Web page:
The gua bao were just as titchy as they were the first time around. The sweet and sour chicken was tame, easily overwhelmed by the excess amount of sweet carrots. Unimpressive.
Disappointingly, the quality of the bread used for the filled tiger roll was nowhere near as good as it was before. Far less crisp and fluffy, verging on staleness, it was up to the umami and mildly garlicky chunk of pork to save the day. It was surprisingly good, which is just as well – the vegetable toppings and tepid sriracha sauce was just as unimpressive as the bread.
The sweet and sour pork was far less offensive than I had feared. While still recognisable as the anglicised classic that it has become – complete with chunks of pineapple, bell peppers and onion – the sauce was thankfully a reddish brown rather than radioactive orange. It was more tangy and lightly sour compared to its mouth pursingly sweet takeaway counterparts, while the batter-free meat ranged from stodgy to modestly pork. The promised five-spice crackling was more like an especially bland, slightly softer-than-usual version of pork scratchings. It’s meat in sauce that’s not a total waste of an animal. I can live with that. Mostly.
Pandan cake is highly popular throughout south east Asia, although I’ve never developed an affinity for it. The mild, vaguely sweet coconutty-esque flavour of the pandan-tinged outer cake layer of this ice cream roll was blasted away by the ice cream at the centre. Its uncomfortable coldness, packed ice-like crunch and the intermittent artificial sharpness of its alleged raspberry flavour makes it more of a weapon to be used in a snowball fight rather than a dessert. This is easily one of the worst desserts I’ve had all year.
Go fourth and multiply
Even though Cha Chaan Teng’s bao were clearly second rate (especially when compared to the best of the competition), I kept ordering them on the off-chance they might get better. Every now and again, my faith is rewarded. Well, sort of. Although still dwarven in size, the meat in the beef short rib bao was surprisingly different from the rib meat used in the lo mein. A firm bite with a tender follow through, it was more umami and less tart than the lo mein beef.
Veg-filled pancakes had a very peculiar texture and mouthfeel – an odd, slightly chewy thickness somewhere in between Korean jeon-style pancakes and pan-fried Chinese guotie-style dumpling skins. I liked them, although they were best taken with the vinegary soy sauce as the spring onion and kale filling wasn’t up to much.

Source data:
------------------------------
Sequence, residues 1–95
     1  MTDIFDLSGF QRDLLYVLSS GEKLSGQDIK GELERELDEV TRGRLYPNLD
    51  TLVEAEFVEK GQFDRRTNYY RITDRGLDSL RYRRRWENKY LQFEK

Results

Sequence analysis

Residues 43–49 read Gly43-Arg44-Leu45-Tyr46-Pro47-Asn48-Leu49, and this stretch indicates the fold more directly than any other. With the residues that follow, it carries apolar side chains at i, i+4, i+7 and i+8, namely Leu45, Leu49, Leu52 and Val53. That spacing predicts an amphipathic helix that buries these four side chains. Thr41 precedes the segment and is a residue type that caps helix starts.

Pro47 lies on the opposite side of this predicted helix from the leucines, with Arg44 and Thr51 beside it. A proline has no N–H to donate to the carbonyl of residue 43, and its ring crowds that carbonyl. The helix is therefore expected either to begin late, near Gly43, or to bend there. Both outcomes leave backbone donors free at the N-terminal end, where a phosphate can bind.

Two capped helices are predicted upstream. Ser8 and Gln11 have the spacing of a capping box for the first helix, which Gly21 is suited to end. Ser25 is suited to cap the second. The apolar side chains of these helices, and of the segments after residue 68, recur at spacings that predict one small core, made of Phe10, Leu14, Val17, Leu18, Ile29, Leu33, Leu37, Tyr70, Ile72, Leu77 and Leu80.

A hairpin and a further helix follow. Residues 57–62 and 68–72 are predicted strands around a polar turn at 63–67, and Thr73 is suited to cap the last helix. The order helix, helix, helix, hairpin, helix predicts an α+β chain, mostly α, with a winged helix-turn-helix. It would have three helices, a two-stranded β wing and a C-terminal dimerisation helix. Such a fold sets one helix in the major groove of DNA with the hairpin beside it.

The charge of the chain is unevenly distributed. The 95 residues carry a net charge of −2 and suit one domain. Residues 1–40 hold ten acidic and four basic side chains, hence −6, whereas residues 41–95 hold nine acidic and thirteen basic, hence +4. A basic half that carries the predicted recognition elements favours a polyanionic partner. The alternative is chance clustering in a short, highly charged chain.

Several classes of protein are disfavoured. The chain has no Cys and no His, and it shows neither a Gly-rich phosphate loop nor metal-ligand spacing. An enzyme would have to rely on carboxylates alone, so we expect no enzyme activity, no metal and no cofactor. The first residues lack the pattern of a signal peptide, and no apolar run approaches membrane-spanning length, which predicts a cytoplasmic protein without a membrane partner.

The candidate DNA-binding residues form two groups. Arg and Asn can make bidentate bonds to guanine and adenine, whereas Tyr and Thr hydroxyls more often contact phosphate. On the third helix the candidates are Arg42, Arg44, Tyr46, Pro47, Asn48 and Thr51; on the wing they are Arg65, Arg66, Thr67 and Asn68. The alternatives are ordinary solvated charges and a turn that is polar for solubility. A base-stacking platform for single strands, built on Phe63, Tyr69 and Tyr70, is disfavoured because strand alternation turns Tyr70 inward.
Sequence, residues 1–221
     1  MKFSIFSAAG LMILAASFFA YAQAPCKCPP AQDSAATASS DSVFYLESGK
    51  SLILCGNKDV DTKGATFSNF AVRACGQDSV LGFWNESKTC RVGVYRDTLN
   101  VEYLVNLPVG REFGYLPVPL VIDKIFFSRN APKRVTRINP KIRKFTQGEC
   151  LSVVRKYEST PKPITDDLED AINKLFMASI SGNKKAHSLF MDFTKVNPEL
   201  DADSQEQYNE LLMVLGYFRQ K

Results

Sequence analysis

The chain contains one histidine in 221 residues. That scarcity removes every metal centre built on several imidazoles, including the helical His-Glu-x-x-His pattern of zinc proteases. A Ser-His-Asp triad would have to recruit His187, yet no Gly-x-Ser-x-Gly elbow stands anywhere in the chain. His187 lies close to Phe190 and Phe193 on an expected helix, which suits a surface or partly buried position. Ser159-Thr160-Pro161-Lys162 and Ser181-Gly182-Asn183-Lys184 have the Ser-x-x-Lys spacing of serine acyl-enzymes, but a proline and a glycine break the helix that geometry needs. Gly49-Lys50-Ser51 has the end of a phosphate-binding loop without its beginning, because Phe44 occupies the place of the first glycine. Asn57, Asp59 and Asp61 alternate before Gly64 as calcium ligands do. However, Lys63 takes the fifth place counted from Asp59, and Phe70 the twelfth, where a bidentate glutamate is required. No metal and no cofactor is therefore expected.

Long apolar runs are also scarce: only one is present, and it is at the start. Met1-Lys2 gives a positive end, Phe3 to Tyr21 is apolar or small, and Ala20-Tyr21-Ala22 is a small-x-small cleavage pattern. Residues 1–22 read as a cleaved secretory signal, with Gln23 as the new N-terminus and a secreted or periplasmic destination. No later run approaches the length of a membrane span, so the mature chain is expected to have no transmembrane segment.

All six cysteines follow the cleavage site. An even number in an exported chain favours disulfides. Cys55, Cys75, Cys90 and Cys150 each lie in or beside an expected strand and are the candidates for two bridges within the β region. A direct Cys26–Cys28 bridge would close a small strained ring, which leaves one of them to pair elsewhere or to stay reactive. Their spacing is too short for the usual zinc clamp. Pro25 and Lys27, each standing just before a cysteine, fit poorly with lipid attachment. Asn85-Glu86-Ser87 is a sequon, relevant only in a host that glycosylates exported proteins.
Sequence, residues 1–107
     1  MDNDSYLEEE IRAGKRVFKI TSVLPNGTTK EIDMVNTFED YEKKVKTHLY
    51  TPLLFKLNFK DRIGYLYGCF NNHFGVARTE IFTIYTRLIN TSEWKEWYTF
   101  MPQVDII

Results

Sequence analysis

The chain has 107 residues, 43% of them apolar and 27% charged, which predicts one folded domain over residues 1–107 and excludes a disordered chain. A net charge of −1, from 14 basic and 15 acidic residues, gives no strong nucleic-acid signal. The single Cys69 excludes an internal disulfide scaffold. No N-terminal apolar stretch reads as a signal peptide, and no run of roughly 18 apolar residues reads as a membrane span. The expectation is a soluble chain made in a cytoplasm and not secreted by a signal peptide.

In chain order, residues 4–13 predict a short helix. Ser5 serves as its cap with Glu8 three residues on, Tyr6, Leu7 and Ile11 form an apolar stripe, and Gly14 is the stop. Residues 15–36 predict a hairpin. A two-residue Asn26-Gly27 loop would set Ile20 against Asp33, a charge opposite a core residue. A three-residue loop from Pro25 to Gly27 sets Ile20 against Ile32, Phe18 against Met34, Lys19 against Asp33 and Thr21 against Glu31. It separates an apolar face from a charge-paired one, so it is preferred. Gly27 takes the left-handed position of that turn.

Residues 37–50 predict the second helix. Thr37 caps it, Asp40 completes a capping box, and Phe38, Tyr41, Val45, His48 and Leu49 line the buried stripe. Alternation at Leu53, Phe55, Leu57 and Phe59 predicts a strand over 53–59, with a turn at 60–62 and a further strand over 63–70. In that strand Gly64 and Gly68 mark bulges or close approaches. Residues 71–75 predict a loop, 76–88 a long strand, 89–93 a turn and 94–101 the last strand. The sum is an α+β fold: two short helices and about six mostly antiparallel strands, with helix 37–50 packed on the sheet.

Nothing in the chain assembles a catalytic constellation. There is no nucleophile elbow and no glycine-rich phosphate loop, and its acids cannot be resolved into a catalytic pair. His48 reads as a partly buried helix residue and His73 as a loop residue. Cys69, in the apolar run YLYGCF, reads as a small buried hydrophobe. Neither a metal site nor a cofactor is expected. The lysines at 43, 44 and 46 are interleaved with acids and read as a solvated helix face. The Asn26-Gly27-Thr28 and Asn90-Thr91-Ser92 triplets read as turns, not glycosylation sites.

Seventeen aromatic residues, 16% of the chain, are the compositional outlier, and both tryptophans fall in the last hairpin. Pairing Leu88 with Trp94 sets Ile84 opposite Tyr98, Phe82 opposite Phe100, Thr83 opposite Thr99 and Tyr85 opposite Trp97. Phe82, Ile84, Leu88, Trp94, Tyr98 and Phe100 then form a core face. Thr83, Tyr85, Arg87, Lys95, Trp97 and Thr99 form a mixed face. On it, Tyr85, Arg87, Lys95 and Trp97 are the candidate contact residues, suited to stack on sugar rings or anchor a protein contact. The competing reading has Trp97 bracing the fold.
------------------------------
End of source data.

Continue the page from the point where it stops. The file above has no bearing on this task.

The lobster claws and tiger prawns is Cha Chaan Teng’s most expensive dish at a steep £44. You get four tiger prawns and four lobster claws – the meat was easily extracted without much fuss or mess. The tiger prawns were the best bit – firm, bouncy flesh while the heads were full of suckable inky cranial goodness. The lobster claws were more problematic – a tad too soft, as if they had been overcooked. The ‘bisque’ the seafood was served in was more of a thickened sweet chilli sauce. I barely shed a tear once I ran out of bao-style buns to mop it up. If nothing else, this dish illustrates just how good Burger and Lobster’s supply chain and economies of scale are – it can serve up a whole lobster for half the price of this dish which gives you two sets of borderline mushy claws.
The panna cotta turned out to be a pleasant surprise after the disaster that was the pandan cake arctic roll. Firm jelly-like panna cotta was more milky than coconut or vanilla flavoured and was reminiscent of various tofu-based desserts. The mango puree was surprisingly fragrant, but the stodgy almond topping was a poor finish to an otherwise fine dessert.
A special mention has to go to Cha Chaan Teng’s uninspired selection of soft drinks. Old school cha chaan tengs had a pleasingly broad selection of non-alcoholic hot and iced drinks including Milo, Ovaltine, milky tea, milky coffee and even a mixture of tea and coffee. The menu here had just one iced tea, which did admittedly have a mild tannic tang alongside its gentle zestiness. Despite going easy on the milk, the hot milk tea was light on tannic strength and character. Some proper Chinese teas, the usual soft drinks as well as the top-notch Soda Folk-branded root beer are also available, but if I wanted root beer or proper tea then I wouldn’t be drinking it here.
Hong Kong’s original cha chaan tengs are so tied to their time and place that any attempt to transplant them is almost doomed to failure as the cultural context for its existence and thus appreciation are lost. Especially if an executive chef is insistent on adding his own meta-referntial postmodern spin on it.
A lot of the dishes at Cha Chaan Teng are too uneven or just plain dross. This restaurant really would work better as a concession at a Westfield shopping centre with a slimmed down and reworked menu – and I mean that in the nicest possible way. It’s worth going to Cha Chaan Teng just once, and only once, to have the lobster and prawn toast as well as the peanut butter French toast. But I’d do it soon as, like the dismal Wabi that once occupied the same subterranean premises, the sparsely patroned Cha Chaan Teng is unlikely to last long.
What to order: Lobster and prawn toast; Peanut butter French toast; Panna cotta
What to skip: Macaroni soup; Pandan raspberry ripple Arctic roll
Name: Cha Chaan Teng
Address: 36-38 Kingsway, Holborn, London WC2B 5BX
Phone: 0203 876 4001
Opening Hours: Monday-Saturday 11.30-23.00 and Sunday 11.30-22.00.
Reservations: not really necessary (plus the reservations webpage wants your friggin’ date of birth)
Average cost for one person including soft drinks and service charge: £35 approx. (much more if you inadvisedly order the tiger prawns and lobster claws)